Doctors used to recommend that patients "go slowly" in treating rheumatoid arthritis- start with nonsteroidal anti-inflammatory drugs (NSAIDs), such as ibuprofen (Advil, Motrin), followed by stronger drugs, as needed, over the years. This approach doesn't always work. In the past, up to 20% of patients with rheumatoid arthritis were disabled two years after diagnosis, and 50% were disabled 10 years after diagnosis.
Newer approach: Treatment with drugs called Tumor Necrosis Factor (TNF) blockers. People with rheumatoid arthritis have excessive amounts of the cell protein TNF-alpha. It mobilizes white blood cells, which travel to affected joints and cause inflammation, pain, stiffness and, eventually, joint damage. TNF blockers bind to TNF-alpha, rendering it inactive and relieving symptoms-sometimes in less than two weeks-and slowing down joint deterioration and deformity.
WHO SHOULD TAKE TNF BLOCKERS?
A newly diagnosed patient usually begins treatment with an NSAID, possibly combined with short-term steroid therapy. If that isn't effective within a few weeks, he/she might be given an antirheumatic drug, such as hydroxychloroquine (Plaquenil), methotrexate (Rheumatrex) or sulfasalazine (Azulfidine). If adequate results still aren't achieved in 12 to 24 weeks, the next step may be a TNF blocker. The FDA has approved three TNF blockers for rheumatoid arthritis. They appear to be equally effective. Your doctor can help you decide which is best for you.
- Enbrel (etanercept) is taken by self-injection, usually twice a week. It is not yet determined if a new once-a-week formula is as effective.
- Humira (adalimumab) also is taken by self-injection, usually once every two weeks.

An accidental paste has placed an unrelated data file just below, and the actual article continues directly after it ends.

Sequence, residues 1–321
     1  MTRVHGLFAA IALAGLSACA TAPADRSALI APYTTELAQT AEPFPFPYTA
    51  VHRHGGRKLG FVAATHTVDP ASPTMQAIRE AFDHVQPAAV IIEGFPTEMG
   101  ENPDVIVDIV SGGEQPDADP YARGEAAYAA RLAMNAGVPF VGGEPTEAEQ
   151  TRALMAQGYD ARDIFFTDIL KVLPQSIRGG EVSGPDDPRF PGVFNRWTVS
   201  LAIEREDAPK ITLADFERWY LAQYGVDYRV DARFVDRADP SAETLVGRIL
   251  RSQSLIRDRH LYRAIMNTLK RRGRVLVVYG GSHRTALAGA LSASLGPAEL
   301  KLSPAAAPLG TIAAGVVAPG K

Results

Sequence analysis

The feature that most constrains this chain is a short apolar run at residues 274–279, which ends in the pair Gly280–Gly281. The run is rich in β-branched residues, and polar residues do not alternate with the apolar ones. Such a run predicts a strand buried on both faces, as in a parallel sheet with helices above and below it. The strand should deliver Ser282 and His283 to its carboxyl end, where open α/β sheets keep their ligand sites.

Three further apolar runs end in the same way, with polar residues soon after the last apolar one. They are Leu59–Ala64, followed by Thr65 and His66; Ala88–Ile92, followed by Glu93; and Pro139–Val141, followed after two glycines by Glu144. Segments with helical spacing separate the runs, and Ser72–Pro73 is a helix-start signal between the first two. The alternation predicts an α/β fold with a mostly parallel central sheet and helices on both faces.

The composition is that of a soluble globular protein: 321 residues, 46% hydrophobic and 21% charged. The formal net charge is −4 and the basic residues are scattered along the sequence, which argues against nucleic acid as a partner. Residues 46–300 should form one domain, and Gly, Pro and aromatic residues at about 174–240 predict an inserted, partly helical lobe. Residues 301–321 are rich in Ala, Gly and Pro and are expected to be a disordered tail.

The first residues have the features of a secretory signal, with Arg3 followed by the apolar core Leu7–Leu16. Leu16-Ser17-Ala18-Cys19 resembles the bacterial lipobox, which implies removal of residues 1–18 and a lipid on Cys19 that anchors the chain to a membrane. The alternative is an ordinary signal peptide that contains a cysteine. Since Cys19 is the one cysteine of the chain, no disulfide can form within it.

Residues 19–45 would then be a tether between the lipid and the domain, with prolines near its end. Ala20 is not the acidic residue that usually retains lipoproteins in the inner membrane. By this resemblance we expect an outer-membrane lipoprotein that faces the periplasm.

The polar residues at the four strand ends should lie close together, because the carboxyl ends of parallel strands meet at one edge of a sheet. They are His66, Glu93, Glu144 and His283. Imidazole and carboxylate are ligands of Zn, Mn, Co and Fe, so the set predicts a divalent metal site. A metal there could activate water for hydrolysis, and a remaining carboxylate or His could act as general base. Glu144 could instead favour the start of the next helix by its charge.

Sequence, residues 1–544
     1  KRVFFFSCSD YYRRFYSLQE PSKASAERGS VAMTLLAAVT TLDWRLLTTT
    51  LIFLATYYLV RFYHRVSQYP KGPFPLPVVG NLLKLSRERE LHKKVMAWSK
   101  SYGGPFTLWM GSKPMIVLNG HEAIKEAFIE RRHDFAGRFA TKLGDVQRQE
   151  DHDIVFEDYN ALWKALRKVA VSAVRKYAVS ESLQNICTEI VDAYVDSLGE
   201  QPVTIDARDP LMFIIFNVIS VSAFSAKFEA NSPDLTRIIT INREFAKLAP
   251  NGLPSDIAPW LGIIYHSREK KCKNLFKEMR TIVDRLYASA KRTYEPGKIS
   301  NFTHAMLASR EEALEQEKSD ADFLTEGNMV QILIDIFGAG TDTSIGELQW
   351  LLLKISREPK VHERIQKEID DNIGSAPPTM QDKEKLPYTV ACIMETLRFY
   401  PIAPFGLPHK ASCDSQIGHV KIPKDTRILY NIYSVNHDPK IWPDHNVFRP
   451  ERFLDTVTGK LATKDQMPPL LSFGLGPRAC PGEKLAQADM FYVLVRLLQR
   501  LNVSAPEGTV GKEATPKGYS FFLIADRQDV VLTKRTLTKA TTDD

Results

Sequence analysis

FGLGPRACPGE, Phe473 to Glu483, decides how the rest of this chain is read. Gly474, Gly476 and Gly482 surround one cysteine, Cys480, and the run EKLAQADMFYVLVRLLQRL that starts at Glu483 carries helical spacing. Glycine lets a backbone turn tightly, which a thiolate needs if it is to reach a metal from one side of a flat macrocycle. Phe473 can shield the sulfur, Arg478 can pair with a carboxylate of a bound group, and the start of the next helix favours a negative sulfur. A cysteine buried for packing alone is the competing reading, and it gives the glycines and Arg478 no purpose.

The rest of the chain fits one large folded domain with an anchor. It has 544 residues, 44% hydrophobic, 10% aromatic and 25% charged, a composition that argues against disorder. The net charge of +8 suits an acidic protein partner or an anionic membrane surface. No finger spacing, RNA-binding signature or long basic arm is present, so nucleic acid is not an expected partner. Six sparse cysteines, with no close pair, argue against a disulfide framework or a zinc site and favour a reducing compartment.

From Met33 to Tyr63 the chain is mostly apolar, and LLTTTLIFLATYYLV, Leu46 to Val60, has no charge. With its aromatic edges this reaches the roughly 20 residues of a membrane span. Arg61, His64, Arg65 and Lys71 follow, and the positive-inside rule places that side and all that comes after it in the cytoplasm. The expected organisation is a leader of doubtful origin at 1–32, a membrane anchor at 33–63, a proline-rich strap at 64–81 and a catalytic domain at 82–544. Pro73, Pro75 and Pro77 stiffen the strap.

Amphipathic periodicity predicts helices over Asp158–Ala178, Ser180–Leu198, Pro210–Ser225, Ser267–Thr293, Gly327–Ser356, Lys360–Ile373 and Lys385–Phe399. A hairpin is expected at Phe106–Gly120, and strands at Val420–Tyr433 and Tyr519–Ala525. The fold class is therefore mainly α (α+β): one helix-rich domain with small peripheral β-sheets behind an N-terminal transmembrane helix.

- Remicade (infliximab) is given by intravenous infusion, usually in a doctor's office, once every six to eight weeks.
TNF blockers are extremely expensive, costing at least $15,000 a year. You take them as long as the condition is active-often for life. The cost may be covered by insurance-check with your insurance company.
The drugs may cause itching, pain or swelling at the injection site. More serious risks...
- Infection. TNF blockers increase the risk of infection because they suppress the immune system. People who develop respiratory or other infections often are advised to discontinue the drugs until the infection is successfully treated. People who have insulin-dependent diabetes (type 1) have a high risk of infection and are not good candidates for TNF-blocker therapy.
Important: A tuberculosis (TB) skin test is required prior to starting a TNF blocker. TB can be activated in patients who have had any prior exposure, even if they never had symptoms of TB.
- Cancer. Some types of cancer, such as lymphoma, which affects the lymph system, have been associated with TNF blockers. But recent studies suggest that chronic inflammation, rather than the treatment, is responsible for the higher cancer risk.
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